When first starting to write for online venues, many writers are unaware they need to edit. Sometimes there is an editor, but oftentimes this is not true. Therefore, it is safest (and most of the time your responsibility) to self edit your articles before submission.
Writing for Content Sites
Most content sites require self-editing. Some do have editors on hand that may make changes. But for the most part, the work you submit should be ready for publication. Many content sites only have people who review your work to determine if it's fit to publish. They don't have time to edit your work, nor will they do so.
They'll just decline it and move on to the next piece. Also, on some of these sites there is the option to self-publish without review. Even though some may allow you to edit afterward, you should always edit before hitting that publish button. This avoids having readers (and potential clients) see those initial typos and errors.
Writing for Private Clients
When writing for private clients, it's pretty much expected by most that your work is ready to use. When someone hires you to write content, they don't want sloppy work. They want something they can just pay for and use right away. That's why they chose to hire a professional. That's you.
By making sure you self-edit everything, you will keep clients happy. Happy clients often return to the same writer and may even recommend that person to friends and business partners. By not proofing and editing your work, you are potentially hurting your writing reputation and career.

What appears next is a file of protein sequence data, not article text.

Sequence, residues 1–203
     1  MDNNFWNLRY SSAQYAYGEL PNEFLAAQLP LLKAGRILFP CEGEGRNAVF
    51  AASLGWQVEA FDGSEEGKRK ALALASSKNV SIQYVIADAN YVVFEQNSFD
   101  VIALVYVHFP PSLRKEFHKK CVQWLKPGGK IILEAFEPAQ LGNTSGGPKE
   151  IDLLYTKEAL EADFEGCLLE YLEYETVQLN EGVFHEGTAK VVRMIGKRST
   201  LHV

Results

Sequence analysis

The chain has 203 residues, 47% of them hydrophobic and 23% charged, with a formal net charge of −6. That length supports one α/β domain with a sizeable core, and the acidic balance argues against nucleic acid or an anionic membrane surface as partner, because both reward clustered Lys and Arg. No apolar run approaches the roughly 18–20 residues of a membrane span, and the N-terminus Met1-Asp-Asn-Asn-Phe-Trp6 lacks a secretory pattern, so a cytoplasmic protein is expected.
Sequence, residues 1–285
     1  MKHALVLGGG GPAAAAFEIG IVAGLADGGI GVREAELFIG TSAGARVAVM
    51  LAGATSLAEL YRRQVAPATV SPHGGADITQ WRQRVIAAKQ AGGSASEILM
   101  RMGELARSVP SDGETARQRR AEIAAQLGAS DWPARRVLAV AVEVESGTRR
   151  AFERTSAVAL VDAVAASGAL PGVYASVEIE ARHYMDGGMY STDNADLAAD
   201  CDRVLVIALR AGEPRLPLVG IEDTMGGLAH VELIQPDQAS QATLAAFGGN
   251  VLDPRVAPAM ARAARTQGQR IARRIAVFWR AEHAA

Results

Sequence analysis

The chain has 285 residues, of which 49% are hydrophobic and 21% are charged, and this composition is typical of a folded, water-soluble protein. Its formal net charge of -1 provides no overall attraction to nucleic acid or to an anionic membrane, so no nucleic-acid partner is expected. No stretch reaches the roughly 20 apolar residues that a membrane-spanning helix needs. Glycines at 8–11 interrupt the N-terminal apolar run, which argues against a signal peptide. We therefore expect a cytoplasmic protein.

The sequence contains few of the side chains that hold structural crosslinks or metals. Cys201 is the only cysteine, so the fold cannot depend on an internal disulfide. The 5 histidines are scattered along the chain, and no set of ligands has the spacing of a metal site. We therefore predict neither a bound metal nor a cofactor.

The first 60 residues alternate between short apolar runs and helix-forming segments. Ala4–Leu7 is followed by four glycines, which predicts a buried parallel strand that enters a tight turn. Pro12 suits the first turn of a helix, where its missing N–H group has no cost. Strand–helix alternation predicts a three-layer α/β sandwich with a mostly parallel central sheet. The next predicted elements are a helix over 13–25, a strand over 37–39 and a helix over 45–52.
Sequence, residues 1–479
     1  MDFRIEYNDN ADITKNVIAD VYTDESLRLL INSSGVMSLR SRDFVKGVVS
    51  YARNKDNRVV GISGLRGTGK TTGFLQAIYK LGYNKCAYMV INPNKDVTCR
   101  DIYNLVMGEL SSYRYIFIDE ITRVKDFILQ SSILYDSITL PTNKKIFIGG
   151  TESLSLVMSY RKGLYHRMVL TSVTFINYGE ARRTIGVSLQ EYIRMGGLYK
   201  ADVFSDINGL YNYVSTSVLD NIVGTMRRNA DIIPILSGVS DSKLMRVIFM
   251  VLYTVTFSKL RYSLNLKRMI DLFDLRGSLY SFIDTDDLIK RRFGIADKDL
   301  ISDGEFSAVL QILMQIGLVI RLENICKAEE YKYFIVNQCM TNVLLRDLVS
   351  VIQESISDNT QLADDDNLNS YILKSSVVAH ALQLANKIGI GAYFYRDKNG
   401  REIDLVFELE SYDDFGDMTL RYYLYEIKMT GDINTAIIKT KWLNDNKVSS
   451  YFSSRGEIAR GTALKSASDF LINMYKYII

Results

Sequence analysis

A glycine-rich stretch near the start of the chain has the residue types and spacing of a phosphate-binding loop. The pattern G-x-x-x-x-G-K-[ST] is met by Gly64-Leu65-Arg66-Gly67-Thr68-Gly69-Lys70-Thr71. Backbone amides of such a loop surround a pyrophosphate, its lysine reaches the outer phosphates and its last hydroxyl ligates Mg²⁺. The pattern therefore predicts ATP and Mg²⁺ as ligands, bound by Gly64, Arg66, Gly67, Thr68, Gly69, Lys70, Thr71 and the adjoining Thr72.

Maintaining a Good Writing Reputation
Sure, typos are going to slip through sometimes. But, as a professional writer, you should always do your best work. Even when you know there is an editor, you should submit clean copy that can be published as is. This way, they may not need to correct as many errors. Yes, that means more work for you - in more ways than one.
It may initially be just a little more effort on your part. But in the long run, it can create more opportunity. Also, self-editing is a requirement in some situations, as mentioned above. Writers who are completely or mostly self-sufficient will likely earn more gigs and clients than those whose work requires more tweaking before publishing.
*I originally published a version of this via Yahoo Contributor Network
by Lyn Lomasi, Staff Writer
In web writing, it’s best to keep your sentences simple. Even though you may be speaking to an adult audience, web readers like to skim and be done with it. Simple wording makes your work more attractive and easier to scan.
Shorten longer and run-on sentences.
On the web, statements should be less than ten words. The shorter, the better. In the following example, the sentence is too long: “Angela took a stroll down the winding pathway that was located in City Park in the city of Denver.” Instead, you could say: “Angela walked the curved path in Denver City Park.”
Avoid words that can be used more than one way.
According to the Yahoo Style Guide (pg 329), words like “once” and “before” can be confusing. They can be used in two or more ways. Instead of saying “Once you add the eggs to the recipe mixture, stir the ingredients slowly before moving on” you could say “Add the eggs to the mixture. Then, stir slowly for five minutes. Move on to the next step.”
Avoid long-winded words.
While the word “pathway” is a simple word, “path” is better for the web. People usually find things on the web via search. More people will search for a word like path versus pathway. Also, path is easiest to read of the two. Always choose the easiest word for what you need to say. That way, even people who have a harder time reading will be able to understand you more clearly.
Use simple words.